“Be the Influence,” a New Campaign Against Teen Prescription Drug Abuse

Drug abuse among teens in the United States is a growing problem and current campaigns, such as the “Parent. The Anti-Drug” and “Above the Influence” campaigns created by the NYADMC, have been able to do little in curbing this trend (2, 8). This may be in part to the issues addressed earlier in relation to reliance upon the TPB model as the sole framework for the multi-media campaign, misuse of marketing theories, and underestimation of psychological reactance and optimistic bias. The “Be the Influence” campaign will be a new multi-media approach in the fight against prescription drug abuse among teens that will target many of the failings created (and ignored) by the “Parent. The Anti-Drug” and “Above the Influence” campaigns of the NYADMC.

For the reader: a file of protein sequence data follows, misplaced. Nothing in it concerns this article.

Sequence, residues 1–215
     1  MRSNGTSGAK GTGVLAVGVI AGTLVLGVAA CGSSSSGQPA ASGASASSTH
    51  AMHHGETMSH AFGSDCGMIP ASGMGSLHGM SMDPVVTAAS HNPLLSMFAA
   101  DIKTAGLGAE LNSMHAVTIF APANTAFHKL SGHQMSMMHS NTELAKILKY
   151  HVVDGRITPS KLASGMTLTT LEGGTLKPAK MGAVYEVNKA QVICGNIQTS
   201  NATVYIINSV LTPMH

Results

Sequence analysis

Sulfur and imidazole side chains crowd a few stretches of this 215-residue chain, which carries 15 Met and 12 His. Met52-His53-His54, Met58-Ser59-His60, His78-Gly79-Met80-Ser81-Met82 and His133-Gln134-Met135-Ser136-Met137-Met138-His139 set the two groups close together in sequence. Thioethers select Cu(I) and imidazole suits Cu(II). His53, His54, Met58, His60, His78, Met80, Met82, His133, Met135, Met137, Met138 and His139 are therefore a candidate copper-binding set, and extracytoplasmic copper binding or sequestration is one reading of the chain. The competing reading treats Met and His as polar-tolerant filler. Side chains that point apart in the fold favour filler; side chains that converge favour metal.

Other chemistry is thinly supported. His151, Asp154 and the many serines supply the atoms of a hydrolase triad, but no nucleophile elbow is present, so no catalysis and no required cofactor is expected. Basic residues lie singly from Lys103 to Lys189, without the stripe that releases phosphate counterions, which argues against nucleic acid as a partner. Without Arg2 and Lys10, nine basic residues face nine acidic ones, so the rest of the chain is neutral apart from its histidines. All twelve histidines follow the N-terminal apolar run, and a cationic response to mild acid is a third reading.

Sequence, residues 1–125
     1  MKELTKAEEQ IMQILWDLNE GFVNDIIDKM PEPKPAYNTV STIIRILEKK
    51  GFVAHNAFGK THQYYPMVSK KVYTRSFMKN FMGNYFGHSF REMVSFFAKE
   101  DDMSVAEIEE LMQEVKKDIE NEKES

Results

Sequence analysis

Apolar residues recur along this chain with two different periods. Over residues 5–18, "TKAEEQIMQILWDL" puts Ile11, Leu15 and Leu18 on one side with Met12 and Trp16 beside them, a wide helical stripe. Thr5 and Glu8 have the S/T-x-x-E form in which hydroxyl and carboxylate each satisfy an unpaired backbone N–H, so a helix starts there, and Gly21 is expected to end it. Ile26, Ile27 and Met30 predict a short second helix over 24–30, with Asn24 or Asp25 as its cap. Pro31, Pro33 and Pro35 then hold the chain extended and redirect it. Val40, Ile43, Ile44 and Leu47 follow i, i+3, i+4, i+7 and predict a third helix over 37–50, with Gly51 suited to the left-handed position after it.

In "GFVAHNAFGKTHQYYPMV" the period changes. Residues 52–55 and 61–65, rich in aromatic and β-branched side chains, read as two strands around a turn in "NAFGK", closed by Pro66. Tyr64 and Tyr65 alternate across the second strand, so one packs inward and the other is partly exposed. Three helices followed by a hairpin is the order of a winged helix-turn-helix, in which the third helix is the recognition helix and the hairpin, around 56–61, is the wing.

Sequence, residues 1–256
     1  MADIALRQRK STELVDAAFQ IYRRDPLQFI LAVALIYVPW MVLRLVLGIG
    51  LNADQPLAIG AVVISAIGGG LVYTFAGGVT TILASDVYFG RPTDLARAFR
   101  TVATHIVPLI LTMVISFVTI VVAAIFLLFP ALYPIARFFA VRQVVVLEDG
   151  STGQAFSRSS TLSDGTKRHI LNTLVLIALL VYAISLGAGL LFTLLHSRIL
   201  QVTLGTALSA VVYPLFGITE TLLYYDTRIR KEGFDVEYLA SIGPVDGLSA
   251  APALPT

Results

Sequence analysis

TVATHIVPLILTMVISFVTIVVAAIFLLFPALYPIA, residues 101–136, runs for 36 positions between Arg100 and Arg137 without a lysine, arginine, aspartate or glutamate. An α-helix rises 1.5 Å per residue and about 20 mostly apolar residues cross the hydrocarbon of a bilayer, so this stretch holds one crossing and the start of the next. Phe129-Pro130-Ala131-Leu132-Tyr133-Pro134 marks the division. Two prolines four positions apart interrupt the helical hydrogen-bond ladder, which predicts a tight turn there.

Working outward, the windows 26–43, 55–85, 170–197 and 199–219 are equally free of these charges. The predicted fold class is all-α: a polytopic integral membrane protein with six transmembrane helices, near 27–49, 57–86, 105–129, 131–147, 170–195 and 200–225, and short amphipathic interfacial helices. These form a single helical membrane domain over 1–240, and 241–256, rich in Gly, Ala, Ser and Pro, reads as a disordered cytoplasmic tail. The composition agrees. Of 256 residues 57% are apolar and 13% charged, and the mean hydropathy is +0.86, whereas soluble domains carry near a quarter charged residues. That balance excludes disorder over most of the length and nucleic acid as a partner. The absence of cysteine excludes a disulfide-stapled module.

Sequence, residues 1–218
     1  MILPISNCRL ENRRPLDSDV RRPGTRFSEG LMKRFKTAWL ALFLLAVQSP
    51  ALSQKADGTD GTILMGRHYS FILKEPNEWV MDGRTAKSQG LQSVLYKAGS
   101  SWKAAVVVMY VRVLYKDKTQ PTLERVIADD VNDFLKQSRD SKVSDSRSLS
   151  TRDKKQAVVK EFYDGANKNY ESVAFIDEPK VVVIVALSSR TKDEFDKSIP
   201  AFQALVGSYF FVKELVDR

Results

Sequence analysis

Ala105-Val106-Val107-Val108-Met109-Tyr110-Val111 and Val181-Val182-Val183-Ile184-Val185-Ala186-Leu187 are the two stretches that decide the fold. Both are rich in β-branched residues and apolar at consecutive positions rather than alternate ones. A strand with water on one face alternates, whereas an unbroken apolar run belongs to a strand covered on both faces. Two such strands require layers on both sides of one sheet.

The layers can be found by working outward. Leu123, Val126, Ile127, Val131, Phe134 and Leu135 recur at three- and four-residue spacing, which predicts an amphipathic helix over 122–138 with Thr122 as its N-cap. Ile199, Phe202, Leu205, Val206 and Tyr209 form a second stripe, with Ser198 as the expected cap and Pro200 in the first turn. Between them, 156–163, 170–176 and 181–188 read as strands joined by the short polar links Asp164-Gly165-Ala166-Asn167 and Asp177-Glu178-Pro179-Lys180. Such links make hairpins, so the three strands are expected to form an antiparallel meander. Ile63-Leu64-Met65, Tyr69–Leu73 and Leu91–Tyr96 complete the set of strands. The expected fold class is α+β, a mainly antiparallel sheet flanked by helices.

The mission of “Be the Influence” will be to empower teens, their friends, and family to be the guiding source of positive influences in their own lives and the lives of others, not prescription drugs. The campaign will use a mass media approach that will use marketing theories, social expectance theories, and research based upon prescription drug abuse (facts and risks) and social factors to promote health behaviors that emulate positive lifestyles and practices in regards to safeguarding and proper use of prescription drugs by changing the social norm surrounding the power of influence of prescription drugs. The campaign will create a series of television, print, and radio advertisements that will address different social factors related to prescription drug abuse and how to safeguard prescription drugs. The campaign will also have a website in which individuals can search for information about the dangers of prescription drug abuse, prescription safeguarding, narratives, and ways to influence others to live a healthy lifestyle (not just by saying, “don’t abuse prescription drugs”) based upon the social situations the individual may identify with (gender, race, child, parent, etc). The goal is to change the social norm that prescription drugs are a main influence in our lives with negative impacts to the norm that people are the main positive influences in our lives.